Surprise, surprise? Justin Fields an X-factor in Bears’ rebuild

The Bears seem destined for a losing season in 2022 as new GM Ryan Poles starts from the ground floor. But with a playable schedule, Fields’ development in coordinator Luke Getsy’s offense could give them a chance to exceed expectations.

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Second-year quarterback Justin Fields (1) played in 12 games last season (10 starts) and had a 73.2 passer rating (seven touchdowns, 10 interceptions).

Second-year quarterback Justin Fields played in 12 games last season (10 starts) and had a 73.2 passer rating (seven touchdowns, 10 interceptions).

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Loss. Loss. Win. Loss.

Predicting the Bears’ game-by-game results when the schedule comes out is a joyful rite of the NFL offseason — especially when the Bulls and Blackhawks are out of the playoffs and there are still 130 games left in the baseball season.

Loss. Win. Loss. Loss.

It’s joyful but not always accurate. On average, more than four teams that finished with losing records the previous season make the playoffs, including some of those three- and four-win teams you have pegged as a Bears victory.

Loss. Win. Loss. Win.

And just as Bears fans have games against the Lions, Texans, Jets, Giants and Falcons as victories for the Bears, fans of the Lions, Texans, Jets, Giants and Falcons have the game against the Bears pegged as a victory for their team.

Loss. Loss. Loss. Loss.

And not just the fans. The last time the Bears made a coaching change, when Matt Nagy was hired to replace John Fox in 2018, the Bears were coming off a 5-11 season. When the schedule was released, had its NFL beat writers make game-by-game predictions for the team they cover. They compositely had the Bears going 0-16. The Bears went 12-4 and won the NFC North. In 2019, the reporters had the Bears going 11-5. They went 8-8 and missed the playoffs.


Under first-year general manager Ryan Poles, the Bears are in the midst of a significant teardown/rebuild that portends a difficult season. Gone are several players who would have been key contributors to a playoff/Super Bowl contender: linebacker Khalil Mack, defensive lineman Akiem Hicks, receiver Allen Robinson, guard James Daniels, nose tackle Eddie Goldman, defensive lineman Bilal Nichols, safety Tashaun Gipson and tight end Jimmy Graham.

Replacing them are rookies and heretofore supporting players: rookie cornerback Kyler Gordon, rookie safety Jaquan Brisker, center Lucas Patrick, rookie receiver Velus Jones, defensive tackle Justin Jones, receiver Byron Pringle, defensive end Al-Quadin Muhammad and linebacker Nick Morrow.

The Bears, in fact, have only three players on their 90-man roster who have been to the Pro Bowl: defensive end Robert Quinn (three times), safety Eddie Jackson (twice) and guard Cody Whitehair (once).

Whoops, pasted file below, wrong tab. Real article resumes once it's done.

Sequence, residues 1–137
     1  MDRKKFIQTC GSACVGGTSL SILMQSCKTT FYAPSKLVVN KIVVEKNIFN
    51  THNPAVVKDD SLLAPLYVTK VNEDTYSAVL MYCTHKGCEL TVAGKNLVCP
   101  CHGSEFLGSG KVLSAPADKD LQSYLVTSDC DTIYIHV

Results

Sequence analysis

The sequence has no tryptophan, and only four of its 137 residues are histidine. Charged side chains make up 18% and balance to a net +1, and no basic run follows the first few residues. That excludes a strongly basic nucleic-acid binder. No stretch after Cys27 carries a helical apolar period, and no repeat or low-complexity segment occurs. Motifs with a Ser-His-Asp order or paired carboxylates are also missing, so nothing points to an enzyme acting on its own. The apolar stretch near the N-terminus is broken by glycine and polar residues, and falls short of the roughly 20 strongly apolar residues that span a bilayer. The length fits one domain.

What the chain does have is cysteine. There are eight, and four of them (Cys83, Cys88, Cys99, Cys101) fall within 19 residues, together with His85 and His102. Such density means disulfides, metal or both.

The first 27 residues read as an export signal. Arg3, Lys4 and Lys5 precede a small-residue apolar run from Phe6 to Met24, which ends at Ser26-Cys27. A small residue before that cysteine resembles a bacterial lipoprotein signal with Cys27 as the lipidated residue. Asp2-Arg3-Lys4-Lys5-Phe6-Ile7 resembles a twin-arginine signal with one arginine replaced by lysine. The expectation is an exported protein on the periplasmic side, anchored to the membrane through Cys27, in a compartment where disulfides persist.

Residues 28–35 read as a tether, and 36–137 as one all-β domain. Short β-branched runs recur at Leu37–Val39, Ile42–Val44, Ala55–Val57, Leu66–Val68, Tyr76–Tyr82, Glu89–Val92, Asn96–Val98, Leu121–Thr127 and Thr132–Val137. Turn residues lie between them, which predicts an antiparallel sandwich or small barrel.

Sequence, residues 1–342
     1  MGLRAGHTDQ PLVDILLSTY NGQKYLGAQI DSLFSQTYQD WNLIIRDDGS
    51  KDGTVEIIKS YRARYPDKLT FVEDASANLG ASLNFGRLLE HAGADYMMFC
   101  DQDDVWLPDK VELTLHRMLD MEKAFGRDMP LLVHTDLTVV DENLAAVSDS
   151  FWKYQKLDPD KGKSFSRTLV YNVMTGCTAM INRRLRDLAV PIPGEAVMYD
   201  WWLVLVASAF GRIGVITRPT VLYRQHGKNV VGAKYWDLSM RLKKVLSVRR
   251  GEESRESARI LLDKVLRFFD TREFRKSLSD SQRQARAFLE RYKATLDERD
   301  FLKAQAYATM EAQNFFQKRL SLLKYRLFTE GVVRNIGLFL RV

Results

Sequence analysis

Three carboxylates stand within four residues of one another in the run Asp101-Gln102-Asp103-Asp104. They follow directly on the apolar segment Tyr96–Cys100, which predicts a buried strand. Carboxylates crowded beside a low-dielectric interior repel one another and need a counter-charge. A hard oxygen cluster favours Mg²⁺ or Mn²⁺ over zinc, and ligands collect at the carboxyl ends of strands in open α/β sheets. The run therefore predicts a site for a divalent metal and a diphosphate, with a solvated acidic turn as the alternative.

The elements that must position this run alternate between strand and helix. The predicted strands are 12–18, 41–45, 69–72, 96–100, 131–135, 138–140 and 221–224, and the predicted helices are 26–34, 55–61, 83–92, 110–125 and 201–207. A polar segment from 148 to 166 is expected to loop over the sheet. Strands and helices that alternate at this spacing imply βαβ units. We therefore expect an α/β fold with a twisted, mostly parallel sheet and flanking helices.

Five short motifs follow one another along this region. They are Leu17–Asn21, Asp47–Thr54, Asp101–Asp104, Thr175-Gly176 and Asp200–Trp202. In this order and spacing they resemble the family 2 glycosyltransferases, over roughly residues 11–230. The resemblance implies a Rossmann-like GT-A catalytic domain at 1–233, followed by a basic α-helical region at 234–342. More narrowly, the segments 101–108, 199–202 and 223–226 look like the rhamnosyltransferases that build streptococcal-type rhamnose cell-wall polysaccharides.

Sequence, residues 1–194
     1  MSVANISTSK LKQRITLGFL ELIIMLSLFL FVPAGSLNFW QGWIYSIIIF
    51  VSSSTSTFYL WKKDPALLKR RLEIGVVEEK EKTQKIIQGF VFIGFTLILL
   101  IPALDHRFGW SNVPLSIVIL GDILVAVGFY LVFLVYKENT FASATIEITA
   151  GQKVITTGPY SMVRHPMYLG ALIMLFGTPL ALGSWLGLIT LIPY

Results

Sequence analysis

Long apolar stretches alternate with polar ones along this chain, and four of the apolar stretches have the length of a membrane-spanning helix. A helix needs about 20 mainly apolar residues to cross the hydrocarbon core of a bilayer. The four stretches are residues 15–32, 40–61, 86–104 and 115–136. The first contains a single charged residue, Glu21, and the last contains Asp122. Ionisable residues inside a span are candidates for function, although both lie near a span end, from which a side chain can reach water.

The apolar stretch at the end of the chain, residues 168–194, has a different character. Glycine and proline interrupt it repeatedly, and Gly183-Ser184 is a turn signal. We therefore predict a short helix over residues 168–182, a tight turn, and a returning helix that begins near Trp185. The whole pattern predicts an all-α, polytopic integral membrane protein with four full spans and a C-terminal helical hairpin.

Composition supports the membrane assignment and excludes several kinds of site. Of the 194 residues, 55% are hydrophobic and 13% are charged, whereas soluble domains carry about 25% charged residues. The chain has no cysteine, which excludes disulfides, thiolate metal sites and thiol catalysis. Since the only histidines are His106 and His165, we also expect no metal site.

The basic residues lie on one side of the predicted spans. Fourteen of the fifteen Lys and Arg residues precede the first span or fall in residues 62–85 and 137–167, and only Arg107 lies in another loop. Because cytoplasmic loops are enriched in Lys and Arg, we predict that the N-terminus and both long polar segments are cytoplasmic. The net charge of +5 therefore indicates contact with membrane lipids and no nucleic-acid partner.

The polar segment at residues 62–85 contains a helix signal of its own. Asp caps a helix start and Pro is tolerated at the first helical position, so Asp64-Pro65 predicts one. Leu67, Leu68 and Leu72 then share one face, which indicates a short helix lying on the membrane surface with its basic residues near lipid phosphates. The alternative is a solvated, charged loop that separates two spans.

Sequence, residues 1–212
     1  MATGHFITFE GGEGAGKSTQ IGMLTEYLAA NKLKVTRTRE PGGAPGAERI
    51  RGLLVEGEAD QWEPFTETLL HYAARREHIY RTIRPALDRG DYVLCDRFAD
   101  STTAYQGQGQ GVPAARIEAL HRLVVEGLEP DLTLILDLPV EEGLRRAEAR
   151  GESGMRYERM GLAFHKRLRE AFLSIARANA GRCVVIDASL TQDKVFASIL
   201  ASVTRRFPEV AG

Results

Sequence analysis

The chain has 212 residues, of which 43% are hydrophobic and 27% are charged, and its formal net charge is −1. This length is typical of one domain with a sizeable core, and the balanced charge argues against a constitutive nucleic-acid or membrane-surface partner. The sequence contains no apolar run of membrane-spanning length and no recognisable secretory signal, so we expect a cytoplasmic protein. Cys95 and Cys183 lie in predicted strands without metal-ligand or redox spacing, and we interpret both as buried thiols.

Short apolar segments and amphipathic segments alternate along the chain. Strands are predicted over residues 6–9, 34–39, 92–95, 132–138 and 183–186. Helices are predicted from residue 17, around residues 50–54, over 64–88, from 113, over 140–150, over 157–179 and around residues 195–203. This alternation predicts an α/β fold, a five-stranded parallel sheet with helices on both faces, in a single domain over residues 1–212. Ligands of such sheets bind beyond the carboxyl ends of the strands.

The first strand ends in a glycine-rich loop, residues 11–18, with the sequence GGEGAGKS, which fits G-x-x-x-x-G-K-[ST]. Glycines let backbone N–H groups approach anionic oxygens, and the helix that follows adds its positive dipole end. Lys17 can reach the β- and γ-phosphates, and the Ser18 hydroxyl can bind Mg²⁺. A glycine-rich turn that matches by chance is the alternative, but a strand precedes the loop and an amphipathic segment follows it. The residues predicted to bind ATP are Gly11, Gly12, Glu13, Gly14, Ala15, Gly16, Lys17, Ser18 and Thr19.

At the same point of the rebuild under former GM Ryan Pace in 2015, the Bears had 12 players with a combined 25 Pro Bowl berths. (All but three of them — Jay Cutler, Alshon Jeffery and Kyle Long would be gone by 2016 — but you can argue that’s still a point in Poles’ favor because he has cleaned house more quickly than Pace did.)

In their first year with Poles and coach Matt Eberflus, the Bears sure seem destined for a losing season. They’re installing new schemes on offense and defense, with new personnel throughout. There are just too many unknowns. And even in a smooth transition, it’s likely there will be a learning curve.

There’s one X-factor that might be a game-changer: Second-year quarterback Justin Fields gives the offense a chance for exponential growth, which would give the Bears a chance to be a surprise team.

It doesn’t appear likely now, with a modest-at-best receiving corps and an unproven offensive line on which only Whitehair has started more than two seasons in the NFL. But the quarterback can make all the difference. And if Fields clicks with offensive coordinator Luke Getsy, some of today’s losses could be tomorrow’s wins.

That said, a reasonable positive scenario is for the Bears and Fields to be better at the end of the season than at the beginning. At this point, the 2022 schedule sets up well for that. The Bears play the Lions (home), Falcons (road) and Jets (road) in Weeks 10-12, and four of their last five games are at home — against the Packers (Week 13), Eagles (Week 15), Bills (Week 16) and Vikings (Week 18), with the only road game during that stretch coming against the Lions (Week 17).

And if that scenario plays out, the Bears have a chance to give fans what they’re looking for from the 2022 season: a strong finish, with the arrow pointing up heading into 2023. 

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